# Delay-compensated controllers for two-inputtwo-output (TITO) multivariable processes.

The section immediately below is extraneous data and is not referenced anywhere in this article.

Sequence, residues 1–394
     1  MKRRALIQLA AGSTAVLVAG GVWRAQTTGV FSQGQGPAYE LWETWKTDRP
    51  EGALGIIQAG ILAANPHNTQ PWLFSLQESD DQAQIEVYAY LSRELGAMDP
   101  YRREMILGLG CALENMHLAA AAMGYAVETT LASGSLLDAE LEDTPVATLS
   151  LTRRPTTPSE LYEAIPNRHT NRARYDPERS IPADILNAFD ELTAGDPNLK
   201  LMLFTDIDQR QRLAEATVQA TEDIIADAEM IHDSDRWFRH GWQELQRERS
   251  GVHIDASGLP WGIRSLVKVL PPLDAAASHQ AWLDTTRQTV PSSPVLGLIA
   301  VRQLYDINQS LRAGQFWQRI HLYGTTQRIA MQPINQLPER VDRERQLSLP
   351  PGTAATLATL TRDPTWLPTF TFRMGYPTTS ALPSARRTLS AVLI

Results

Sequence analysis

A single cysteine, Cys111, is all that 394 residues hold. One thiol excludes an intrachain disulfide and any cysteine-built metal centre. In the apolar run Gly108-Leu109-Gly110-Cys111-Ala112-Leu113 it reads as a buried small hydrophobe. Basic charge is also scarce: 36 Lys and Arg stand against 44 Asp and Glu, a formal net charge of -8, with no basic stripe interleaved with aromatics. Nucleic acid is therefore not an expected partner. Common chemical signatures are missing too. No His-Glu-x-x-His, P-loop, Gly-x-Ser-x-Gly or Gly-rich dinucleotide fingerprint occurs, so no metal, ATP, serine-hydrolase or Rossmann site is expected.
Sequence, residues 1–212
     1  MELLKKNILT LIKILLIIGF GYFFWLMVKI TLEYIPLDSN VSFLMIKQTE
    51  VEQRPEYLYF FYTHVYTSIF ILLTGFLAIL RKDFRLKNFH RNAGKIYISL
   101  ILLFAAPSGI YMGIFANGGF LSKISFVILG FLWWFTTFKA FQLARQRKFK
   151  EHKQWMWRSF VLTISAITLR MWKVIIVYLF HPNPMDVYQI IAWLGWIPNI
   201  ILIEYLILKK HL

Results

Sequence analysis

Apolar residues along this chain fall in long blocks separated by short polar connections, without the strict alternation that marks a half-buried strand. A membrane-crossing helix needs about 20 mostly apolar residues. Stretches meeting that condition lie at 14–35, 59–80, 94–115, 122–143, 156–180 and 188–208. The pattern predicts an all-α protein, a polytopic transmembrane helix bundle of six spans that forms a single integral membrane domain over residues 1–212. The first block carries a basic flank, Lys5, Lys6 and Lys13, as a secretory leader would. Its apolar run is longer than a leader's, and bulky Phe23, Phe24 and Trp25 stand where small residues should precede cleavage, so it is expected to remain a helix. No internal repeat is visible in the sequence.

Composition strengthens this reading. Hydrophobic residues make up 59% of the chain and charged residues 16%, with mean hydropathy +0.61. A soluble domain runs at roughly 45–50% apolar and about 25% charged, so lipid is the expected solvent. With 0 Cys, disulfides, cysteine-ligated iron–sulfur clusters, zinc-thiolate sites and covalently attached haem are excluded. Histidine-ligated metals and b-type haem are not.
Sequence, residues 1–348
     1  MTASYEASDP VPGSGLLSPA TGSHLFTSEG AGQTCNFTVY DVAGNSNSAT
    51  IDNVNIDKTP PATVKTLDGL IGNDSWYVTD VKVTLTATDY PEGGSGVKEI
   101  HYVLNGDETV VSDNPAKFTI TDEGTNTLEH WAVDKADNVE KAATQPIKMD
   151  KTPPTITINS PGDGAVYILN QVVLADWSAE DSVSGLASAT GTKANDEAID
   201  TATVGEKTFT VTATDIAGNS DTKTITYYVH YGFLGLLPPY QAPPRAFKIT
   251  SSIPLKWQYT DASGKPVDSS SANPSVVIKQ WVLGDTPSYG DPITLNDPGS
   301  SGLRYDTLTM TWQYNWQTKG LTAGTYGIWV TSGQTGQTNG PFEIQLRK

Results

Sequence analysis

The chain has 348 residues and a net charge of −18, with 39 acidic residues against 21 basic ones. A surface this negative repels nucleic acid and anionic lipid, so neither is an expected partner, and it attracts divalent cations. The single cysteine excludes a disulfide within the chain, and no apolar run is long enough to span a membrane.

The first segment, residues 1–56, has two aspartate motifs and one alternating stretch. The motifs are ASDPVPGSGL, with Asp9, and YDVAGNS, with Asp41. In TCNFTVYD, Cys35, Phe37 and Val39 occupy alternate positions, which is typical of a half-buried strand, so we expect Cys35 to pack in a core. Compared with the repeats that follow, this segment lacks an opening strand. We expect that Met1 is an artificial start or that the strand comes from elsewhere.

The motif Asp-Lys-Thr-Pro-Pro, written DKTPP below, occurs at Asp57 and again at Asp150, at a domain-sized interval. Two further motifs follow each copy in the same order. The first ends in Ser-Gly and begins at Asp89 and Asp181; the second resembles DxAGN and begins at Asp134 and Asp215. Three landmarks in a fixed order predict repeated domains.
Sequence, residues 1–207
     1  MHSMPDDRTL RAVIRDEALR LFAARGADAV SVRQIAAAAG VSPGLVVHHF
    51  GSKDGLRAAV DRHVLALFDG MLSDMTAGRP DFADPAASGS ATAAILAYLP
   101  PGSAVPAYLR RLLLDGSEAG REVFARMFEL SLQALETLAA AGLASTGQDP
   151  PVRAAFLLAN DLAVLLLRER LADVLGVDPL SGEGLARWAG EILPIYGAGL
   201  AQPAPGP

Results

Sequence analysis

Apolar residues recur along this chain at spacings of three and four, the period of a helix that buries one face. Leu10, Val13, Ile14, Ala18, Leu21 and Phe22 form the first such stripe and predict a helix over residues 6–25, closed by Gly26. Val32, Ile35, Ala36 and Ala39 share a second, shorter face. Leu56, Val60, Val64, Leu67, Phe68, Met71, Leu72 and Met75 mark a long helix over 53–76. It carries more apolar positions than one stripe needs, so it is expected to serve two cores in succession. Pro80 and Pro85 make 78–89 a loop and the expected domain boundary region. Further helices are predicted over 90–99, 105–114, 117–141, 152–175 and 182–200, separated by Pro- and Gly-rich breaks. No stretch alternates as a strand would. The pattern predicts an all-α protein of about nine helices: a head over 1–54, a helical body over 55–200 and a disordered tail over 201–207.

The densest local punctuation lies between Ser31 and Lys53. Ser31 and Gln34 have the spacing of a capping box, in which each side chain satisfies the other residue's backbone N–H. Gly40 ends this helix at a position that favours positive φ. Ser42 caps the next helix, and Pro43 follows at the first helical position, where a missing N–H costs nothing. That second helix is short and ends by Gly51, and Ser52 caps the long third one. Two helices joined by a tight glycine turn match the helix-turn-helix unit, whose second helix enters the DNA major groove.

код для вставкиСкачатьASIA-PACIFIC JOURNAL OF CHEMICAL ENGINEERING Asia-Pac. J. Chem. Eng. 2007; 2: 510?516 Published online 12 October 2007 in Wiley InterScience (www.interscience.wiley.com) DOI:10.1002/apj.095 Research Article Delay-compensated controllers for two-input/two-output (TITO) multivariable processes A. Seshagiri Rao, V. S. R. Rao and M. Chidambaram* Department of Chemical Engineering, Indian Institute of Technology Madras, Chennai 600 036, India Received 19 March 2007; Revised 24 July 2007; Accepted 13 August 2007 ABSTRACT: A decentralized controller design based on the direct synthesis method for two-input/two-output (TITO) processes in the Smith predictor configuration is proposed. The decentralized controllers are designed individually on the basis of the diagonal individual transfer functions of the process. Using the direct synthesis principle, the two decentralized controllers are designed using the individual diagonal transfer functions of the process matrix and the individual desired diagonal closed-loop transfer functions. Further, these direct synthesis controllers are implemented in the Smith predictor configuration for each output. While converting from the synthesis controller to the Smith predictor configuration, the decentralized controller parameters are directly obtained in terms of the individual closedloop desired tuning parameters. The method is compared with the recently reported methods. ? 2007 Curtin University of Technology and John Wiley & Sons, Ltd. KEYWORDS: Smith predictor; time delay; TITO process; direct synthesis method INTRODUCTION In process industries, two-input/two-output (TITO) processes are the most commonly encountered multivariable processes. Moreover, many processes with inputs/outputs beyond two can be treated as several two-by-two subsystems in practice.[1] Since different time delays are present in different control loops, and owing to the interactions, the difficulty further increases in multivariable systems. Alevisakis and Seborg[2] have extended the original Smith delay compensator to multiinput/multi-output (MIMO) processes for a single time delay. Later, many authors have proposed modified design methods for the Smith predictor.[3 ? 6] Decentralized controllers are mostly used for multivariable processes because it is simple, easy to implement and also easy to tune. In view of the fact that a conventional proportional-integral-derivative (PID) controller often results in excessive oscillation of the set point response in contrast with a proportional-integral (PI) controller, Chien et al .[7] have proposed a modified implementation form of the PID controllers and a tuning rule for multiloop control systems. Improved control design methods have also been proposed by many authors.[8 ? 11] Huang et al .[8] proposed multiloop *Correspondence to: M. Chidambaram, Department of Chemical Engineering, Indian Institute of Technology Madras, Chennai 600 036, India. E-mail: chidam@iitm.ac.in ? 2007 Curtin University of Technology and John Wiley & Sons, Ltd. PI/PID controller design formulas by decomposing a multiloop system into a number of single loop systems and formulating an effective open loop process. Liu et al .[11] proposed TITO PI/PID controller design formulas by using the Maclaurin series for approximating the obtained controller expression for each loop. Lee et al .[9] proposed analytical PI/PID controller expressions based on IMC principles. However, the methods proposed involve several rigorous mathematical calculations and the methods are complicated. In the present work, a simple design method based on the direct synthesis method is proposed. The method of designing controllers by Lee et al .[9] is modified without approximating the time delay. Direct synthesis controllers are implemented in the Smith predictor configuration. THEORETICAL DEVELOPMENTS The general block diagram of the feedback control for TITO processes with a decentralized controller is shown in Fig. 1 where Gp (s) is the transfer function matrix of the process and Gc is the transfer function matrix of the decentralized controller. The closed-loop transfer function matrix for set-point changes is given by y(s) = H(s) = [I + Gp (s)Gc (s)]?1 Gp (s)Gc (s) yr (s) (1) Asia-Pacific Journal of Chemical Engineering DELAY-COMPENSATED CONTROLLERS FOR TITO MULTIVARIABLE PROCESSES d Gc e yr - Gc11 0 0 u Gc22 action. A time delay compensator enhances the closedloop performance by compensating for the time delay. After a time delay compensator is used, the main controller should be designed on the basis of the process without considering the time delay. To develop a compensator and to design a compensated controller, in the present work, the same direct synthesis controller, Eqn (5), is used. Gp G11 G21 G12 G22 y Figure 1. Simple decentralized feedback for TITO processes. According to the direct synthesis method, the controller matrix is given by Gc (s) = Gp ?1 (s)R(s)[1 ? R(s)]?1 (2) where R(s) [= (y(s)/yr (s))d ] is the desired closedloop transfer function matrix for TITO processes with time delay. The interaction is a major problem in multivariable processes. To get decoupled responses, the off-diagonal elements are dropped to zero i.e. Gp = diag (G11 , G22 ). With that, the closed loop responses are decoupled and the controller for i th loop can be written as Gci (s) = Gii ?1 (s)Ri (s)[1 ? Ri (s)]?1 DELAY-COMPENSATED CONTROLLER DESIGN Without approximating the time delay in Eqn (5) for controller design, Eqn (5) can be structurally implemented as shown in Fig. 2. Further, Fig. 2 can be written in an alternative way as shown in Fig. 3. Figure 4 is the Smith predictor structure for process Gii (s), where Gcii is the predictor controller. Now the controller is designed for a first order plus time delay (FOPTD) process. For a FOPTD process, Gii ? = kii /(?ii s + 1). (3) ?is+1 e Where Ri (s) is the desired closed loop transfer function for i th loop. Note: The off-diagonal processes are neglected just for simplicity. It will be shown later that even by neglecting the off-diagonal elements, the obtained closed-loop responses are satisfactory. Let us consider the process as Gii (s) = Gii + (s) Gii ? (s) where Gii + (s) is non-minimum phase (NMP) elements of the process i.e. the time delay and right half plane zero. Gii ? (s) is the process without the NMP elements. According to the direct synthesis method, the desired closed-loop transfer function should contain the process NMP elements. Hence, in the present work, the desired closed-loop transfer function is considered as Ri (s) = (?i s + 1) (?s + 1)2 Gii + (s) Figure 2. Eqn (5). [(?i s + 1)2 ? (?i s + 1)Gii + (s)] (5) As Gii + (s) contains the time delay term, this time delay is approximated either using a Taylor series expansion or a Pade approximation. After approximating the time delay and simplifying, Eqn (4) results in a PID controller according to the direct synthesis method. However, because of the time delay approximation, there will be a limit on the controller gain and therefore there will be a limit on the possible amount of control ? 2007 Curtin University of Technology and John Wiley & Sons, Ltd. Structural implementation of Gcii , (?is+1)G?1 ii?(s) e + + u (?is+1)2 Gii+(s)Gii?(s) Figure 3. Fig. 2. (4) (?i s + 1) u Gii+(s) Upon substitution in Eqn (3), the controller is obtained as Gci (s) = Gii ? ?1 (s) ?1(s) Gii? (?is+1)2 + + Alternative structure for Gcii ?1(s) (?is+1)Gii? e + + +- u [?i(s+1)2?(?is+1)] Gii?(s) Gii+(s)Gii?(s) Figure 4. Delay-compensated controller in the Smith predictor form. Asia-Pac. J. Chem. Eng. 2007; 2: 510?516 DOI: 10.1002/apj 511 512 A. SESHAGIRI RAO, V. S. R. RAO AND M. CHIDAMBARAM Substituting in Gcii results in Gcii = (?i s + 1)(?ii s + 1) (6) kii [(?i s + 1)2 ? (?i s + 1)] Expanding and simplifying yields Gcii = (?i s + 1)(?ii s + 1) kii (2?i ? ?i )s[(?i 2 /(2?i ? ?i ))s + 1)] (7) Equation (7) can be further simplified to a PI controller form by considering ?ii = ?i 2 /(2?i ? ?i ) as: ?i 1 (?i s + 1) Gcii = = 1+ (8) kii (2?i ? ?i )s kii (2?i ? ?i ) ?i s where ?i = 2?i ? (?i 2 /?ii ). In a conventional PI controller form [kci (1 + (1/?Ii s))], the controller parameters are obtained as: ?i and ?Ii = ?i (9) kci = kii (2?i ? ?i ) Hence for a given TITO process with time delay, the two decentralized controllers can be calculated from Eqn (9) on the basis of the processes G11 and G22 with the assumption that there is no plant model mismatch. But, in practice, the effect of the other manipulated variables affect the process output and hence the predictor structure should be implemented by considering the other processes also, as shown in Fig. 5 for TITO processes. Here G ij (i = 1, 2; j = 1, 2) is the process model with time delay and Giim is the process model without time delay. SELECTION OF THE TUNING PARAMETER (?I ) The tuning parameter for the individual closed-loop responses should be chosen such that the resulting controller should be able to provide both nominal and [G11m G12m] + G11 G12 yr1 + Gc11 + - 0 - + 0 u yr2 + y1 G11 G12 G21 G22 Gc22 + - G21 G22 [G21m G22m] y2 + + Figure 5. Decentralized Smith predictor configuration. ? 2007 Curtin University of Technology and John Wiley & Sons, Ltd. Asia-Pacific Journal of Chemical Engineering robust control performances. Many simulation results are carried out on different TITO time delay processes and it is observed that the initial value of the tuning parameter can be considered as half of the corresponding time constant of the process. So, the selection of the tuning parameter is purely based on the simulation results. The proposed method of selection of the tuning parameter is simple. If both the nominal and robust control performances are achieved with these values, these values can be taken as the final tuning parameters; else, the tuning parameters should be tuned around this value till robust control performances are achieved. In practice, the selection of the tuning parameter is based on the complete knowledge of the plant and its dynamics. In general, the tuning parameters selected on the basis of the diagonal processes are able to provide robust control performances. However, when there is large process model mismatches in all the processes, the tuning parameter selected on the basis of the diagonal processes may not give robust control performances. In that case, only the tuning parameters need to be detuned to get robust performances. In the present work, no detuning is done for uncertainties. The final values for the tuning parameters are calculated for the nominal processes only after doing many simulation studies to get improved performances. SIMULATION STUDY For the purpose of simulation studies, different TITO time delay processes are considered and the closed-loop performance is compared with the recently reported methods in the literature. Example 1: Consider the widely studied Wood and Berry distillation process[12] ? ? 12.8e?s ?18.9e?3s +1 21s + 1 ? G(s) = ? 16.7s ?7s 6.6e ?19.4e?3s 10.9s + 1 14.4s + 1 Using Eqn (9), the decentralized controllers parameters are calculated on the basis of the principal diagonal process transfer functions as kc1 = 0.248, ?I 1 = 12.157, kc2 = ?0.134, ?I 2 = 11.5517. The tuning parameters are selected as ?1 = ?2 = 8. With these controller parameters, the proposed method is simulated after giving a unit step change in set points for the two controlled variables and a negative step input of magnitude 0.1 in the load at t = 200 s for two manipulated variables, respectively. For comparison, the methods proposed by Lee et al .,[9] Liu et al .[11] and Lee and Edgar[10] are considered. The corresponding responses are shown in Fig. 6. From the responses, it can be seen that the proposed method gives better control performances. The Asia-Pac. J. Chem. Eng. 2007; 2: 510?516 DOI: 10.1002/apj Asia-Pacific Journal of Chemical Engineering DELAY-COMPENSATED CONTROLLERS FOR TITO MULTIVARIABLE PROCESSES corresponding control action responses are shown in Fig. 7. It can be seen that the proposed method gives a smoother control action compared to the other methods. It should be noted that Refs [9?11] have already shown that the performance of their methods are better than those of many previous methods. In practice, there always exists a model plant mismatch, and therefore the closed-loop performance should be evaluated by considering the process uncertainties. The uncertainty may exist as an input uncertainty, an output uncertainty or a process uncertainty. Process uncertainty is considered in the present work. Usually the delay compensators are sensitive to the time delay mismatches in a process if the ratio between time delay and time constant is large, but if the controller design is robust, the delay-compensated controller is able to give robust control performances.[13] In the present work, +30% perturbation in each process time delay is considered, and the corresponding closed-loop responses are shown in Fig. 8. It is clear from the figure that the proposed method performs better. Unlike in other methods, the responses for the proposed method are smooth, even though there exist delay perturbations. Figure 9 shows the corresponding control action responses. From the figure, it can be seen that the control action responses of the proposed method are smooth compared to the other methods. 1.5 1.5 1 y1 y1 1 0.5 0.5 0 0 0 50 100 150 200 250 300 100 150 200 250 300 0 50 100 150 Time 200 250 300 1.5 y2 1.5 y2 50 2 2 1 1 0.5 0.5 0 0 ?0.5 ?0.5 0 0 50 100 150 Time 200 250 300 Figure 8. Responses for the Wood and Berry distillation Responses for the Wood and Berry distillation column for perfect parameters: solid line ? proposed; dash ? Ref. [11]; dot ? Ref. [9]; dash dot ? Ref. [10]. This figure is available in colour online at www.apjChemEng.com. Figure 6. column for a perturbation of +30% in each process time delay: solid ? proposed; dash ? Ref. [11]; dot ? Ref. [9]; dash dot ? Ref. [10]. This figure is available in colour online at www.apjChemEng.com. 1 0.5 0.5 U1 U1 1 0 0 ?0.5 0 50 100 150 200 250 ?0.5 300 100 150 200 250 300 0 50 100 150 Time 200 250 300 0.1 0.05 0.05 0 U2 U2 50 0.15 0.1 ?0.05 ?0.1 0 0 ?0.05 0 50 100 150 Time 200 250 300 Figure 7. Control action responses for the Wood and Berry distillation column for perfect parameters: solid ? proposed; dash ? Ref. [11]; dot ? Ref. [9]; dash dot ? Ref. [10]. This figure is available in colour online at www.apjChemEng.com. ? 2007 Curtin University of Technology and John Wiley & Sons, Ltd. ?0.1 Figure 9. Control action responses for the Wood and Berry distillation column for a perturbation of +30% in each process time delay: solid ? proposed; dash ? Ref. [11]; dot ? Ref. [9]; dash dot ? Ref. [10]. This figure is available in colour online at www.apjChemEng.com. Asia-Pac. J. Chem. Eng. 2007; 2: 510?516 DOI: 10.1002/apj 513 A. SESHAGIRI RAO, V. S. R. RAO AND M. CHIDAMBARAM y1 The decentralized controller parameters are calculated on the basis of the principal diagonal transfer functions of the process as kc1 = 34.4, ?I 1 = 36.56, kc2 = ?24.07, ?I 2 = 26.74. The tuning parameters are selected as ?1 = 22.5 and ?2 = 18 respectively. With these controller parameters, the performance of the closed-loop system is evaluated after giving unit step input to the set points of the two controlled variables simultaneously and a negative step input of magnitude 10 at t = 1000 s in the load for the two manipulated variables. The responses are shown in Fig. 10. For comparison, the methods of Huang et al .[8] and Lee and Edgar[10] are considered. From the figure, it can be seen that the proposed method gives improved performance compared to the other two methods. A perturbation of +30% in each process time delay is considered, and the performance is evaluated for all the methods, and corresponding responses are shown in Fig. 11. It is clear from the figure that the proposed method performs better. The methods of Huang et al .[8] and Lee and Edgar[10] result in more overshoot and settling time under nominal and mismatch conditions, whereas the proposed method results in significantly less overshoot and settling time under both nominal and mismatch conditions. A similar improvement in closed-loop performance is observed when the mismatch is considered in all the process gains and time constants. Also, it is observed that the control action responses (not shown) for the 1.2 1 0.8 0.6 0.4 0.2 0 0 500 0 500 1000 1500 1000 1500 1.5 1 0.5 0 ?0.5 Time Figure 10. Responses for the Wardle and Wood column for perfect parameters: solid ? proposed; dash ? Ref. [10] ; dot ? Ref. [8]. This figure is available in colour online at www.apjChemEng.com. ? 2007 Curtin University of Technology and John Wiley & Sons, Ltd. Asia-Pacific Journal of Chemical Engineering 1.5 y1 1 0.5 0 0 500 0 500 1000 1500 1000 1500 1.5 1 y2 Example 2: Consider the Wardle and Wood distillation column[14] ? ? ?0.101e?12s 0.126e?6s 1 (48s + 1)(45s + 1) ? G(s) = ? 60s +?8s ?0.12e?8s 0.094e 38s + 1 35s + 1 y2 514 0.5 0 ?0.5 Time Figure 11. Responses for the Wardle and Wood column for a perturbation of +30% in each process time delay: solid ? proposed; dash ? Ref. [10]; dot ? Ref. [8]. This figure is available in colour online at www.apjChemEng.com. proposed method are smooth compared to that of the other two methods. Example 3: To show the advantage of the proposed method, the Wood and Berry[12] distillation process is modified in which the time delay of each process is considered as 3 times the corresponding time constant. The modified process matrix is given by: ? 12.8e?50.1s +1 G(s) = ? 16.7s?32.7s 6.6e 10.9s + 1 ? ?18.9e?63s 21s + 1 ? ?19.4e?43.2s 14.4s + 1 For the proposed method, using Eqn (9), the decentralized controller parameters are calculated on the basis of the principal diagonal process transfer functions as kc1 = 0.14, ?I 1 = 15.37, kc2 = ?0.072, ?I 2 = 14. The tuning parameters are selected as ?1 = ?2 = 12. It is to be noted that the tuning parameters are increased in this case compared to those in Example 1. The reason is that with the same controller settings as in Example 1, the proposed method is able to provide good control responses at the cost of more control action. To minimize the control action, in this case, the tuning parameters are slightly increased. One can see that there is an almost 50% increase in the tuning parameters. But this increase in tuning parameters is to reduce the control action only. In the Lee et al .[9] method, the tuning parameters are selected as 80 and 80, which provided the best performance for their method. With these controller parameters, the proposed method is simulated after giving a unit step change at t = 0 s in set point r1 and at t = 300 s in set point r2 for the two controlled variables and a negative step input of magnitude 0.1 in the load at t = 700 s for Asia-Pac. J. Chem. Eng. 2007; 2: 510?516 DOI: 10.1002/apj Asia-Pacific Journal of Chemical Engineering DELAY-COMPENSATED CONTROLLERS FOR TITO MULTIVARIABLE PROCESSES Y2 Y1 the two manipulated variables respectively. For comparison, the method of Lee et al .[9] is considered. The corresponding responses are shown in Fig. 12. From the responses, it can be seen that the proposed method gives significantly better control performances at higher time delays. The corresponding control action responses are shown in Fig. 13. A similar improvement in control action responses is obtained compared to the other method. When the closed-loop performance is evaluated by considering perturbations in the process parameters, the proposed method is able to track the set points and reject the disturbances whereas the method of Lee et al .[9] is not able to track the set point; in other words, their responses are completely oscillatory but will be stable if enough time is given. 2.5 2 1.5 1 0.5 0 ?0.5 3 2.5 2 1.5 1 0.5 0 ?0.5 0 200 400 600 800 1000 1200 0 200 400 600 Time 800 1000 1200 Figure 12. Responses for Example 3 for the perfect model: solid ? proposed method; dash ? Lee et al.[9] This figure is available in colour online at www.apjChemEng.com DISCUSSION The design of controllers in the proposed method is straightforward and hence the proposed method can be implemented practically easily. With the proposed method of design of controllers, both nominal and robust control performances are achieved. Also, the compensated structure and the controller?s parameters are obtained simultaneously unlike in any other compensated controller, in which the controllers are designed after designing the compensator.[15] The method can be extended to MIMO systems, which needs further studies. Also, the advantage of the present method depends on the diagonal dominance of the process transfer function matrix. The performance of the controllers is clearly given in the graphs. The same difference can be given by calculating the integral of absolute error (IAE) or integral of squared error (ISE) values. In the present work, the set point changes and load disturbances are given simultaneously and therefore the error values are calculated as a sum of both servo and regulatory problems. ISE values are calculated for all the examples for perfect parameters and are shown in Table 1. From the ISE values one can see that the proposed method shows improved control action responses for all the examples. It can be observed that for Example 2 the time constants of the diagonal processes are 60 and 35, respectively. Thus the tuning parameters are considered differently. However, in Examples 1 and 3, the time constants are very close. Therefore, same value for the tuning parameters (?1 and ?2 ) is chosen. In the literature, the closed-loop response is usually chosen as a FOPTD model. However, it is shown here that by selecting the closed-loop specification as a second-order model, the closed-loop performance 0.2 U1 0.15 Table 1. ISE values for the control action of all methods for perfect parameters. 0.1 0.05 Example 1 0 ?0.05 0 200 400 600 800 1000 1200 0.1 U2 0.05 Method U1 U2 Total Proposed Liu et al .[11] Lee et al .[9] Lee and Edgar[10] 9.24 9.90 9.7 9.95 1.01 2.10 1.8 3 10.26 12.00 11.5 12.95 2.4 4.5 6.0 7.3 11.2 13.0 2.61 4.01 27.2 42.98 0 Example 2 ?0.05 ?0.1 0 200 400 600 Time 800 1000 1200 Control action responses for Example 3 for the perfect model: solid ? proposed method; dash ? Lee et al.[9] This figure is available in colour online at www.apjChemEng.com Proposed �?5 Lee and Edgar[10] �?5 Huang et al .[8] �?5 Example 3 Figure 13. ? 2007 Curtin University of Technology and John Wiley & Sons, Ltd. 4.9 6.7 7.0 Proposed Lee et al .[9] 24.58 38.97 Asia-Pac. J. Chem. Eng. 2007; 2: 510?516 DOI: 10.1002/apj 515 Y1 A. SESHAGIRI RAO, V. S. R. RAO AND M. CHIDAMBARAM 1.4 1.2 1 0.8 0.6 0.4 0.2 0 1.6 1.4 1.2 1 0.8 0.6 0.4 0.2 0 ?0.2 Asia-Pacific Journal of Chemical Engineering CONCLUSIONS 0 50 100 150 200 250 300 200 250 300 Time Y2 516 0 50 100 150 Time Figure 14. Responses for Example 1 for the perfect model: solid ? second order; dash ? first order desired closed-loop transfer functions. This figure is available in colour online at www.apjChemEng.com. can be improved both for perfect model conditions and for perturbations. Hence in the present work, the closed-loop trajectory is chosen as a second-order model instead of the traditional FOPTD. The controller parameters obtained by considering FOPTD model (exp(?? s)/?s + 1) as the desired closed transfer function is kci = ?ii /kii ?i , ?Ii = ?ii . The controller parameters calculated for Example 1 are kc1 = 0.1631, ?i 1 = 16.7, kc2 = ?0.0928 and ?i1 = ?14.4. The performance comparisons between the two for Example 1 are shown in Fig. 14 after giving a unit step change in set points for the two controlled variables and a negative step input of magnitude 0.1 in the load at t = 200 s for the two manipulated variables, respectively. It can be seen from the responses that the second-order desired closed-loop model gives better performances. A similar improvement is obtained when there are perturbations in the process parameters. ? 2007 Curtin University of Technology and John Wiley & Sons, Ltd. A simple method of designing the controllers for TITO time delay processes in the Smith predictor configuration is proposed with direct design of the predictor controllers. The method has two tuning parameters and these two can be selected to get robust control performances. Significant improvement in control performances is obtained when compared to recently reported methods, particularly when the individual time delays of the processes are large compared to the corresponding time constants. REFERENCES [1] F.G. Shinskey, Process Control Systems, 4th ed., McGrawHill, New York, 1996; p.153. [2] G. Alevisakis, D.E. Seborg, Int. J. Control, 1973; 3(17), 541?551. [3] B.A. Ogunnaike, W.H. Ray, AIChE J., 1979; 25(6), p.1043. [4] N.F. Jerome, W.H. Ray, AIChE J., 1986; 32(6), 914?931. [5] Q.G. Wang, B. Zou, Y. Zhang, Chem. Eng. Res. Design, 2000; 78, Part A, 565?572. [6] Q.G. Wang, Y. Zhang, M.S. Chiu, Chem. Eng. Sci., 2002; 57, 115?124. [7] I.L. Chien, H.P. Huang, J.C. Yang, Ind. Eng. Chem. Res., 1999; 38, 1456?1468. [8] H.P. Huang, J.C. Jeng, C.H. Chiang, W. Pan, J. Process Control, 2003; 13, 769?786. [9] M. Lee, K. Lee, C. Kim, J. Lee, AIChE J., 2004; 50(7), 1631?1635. [10] J. Lee, T.F. Edgar, Ind. Eng. Chem. Res., 2005; 44, 7428?7434. [11] T. Liu, W. 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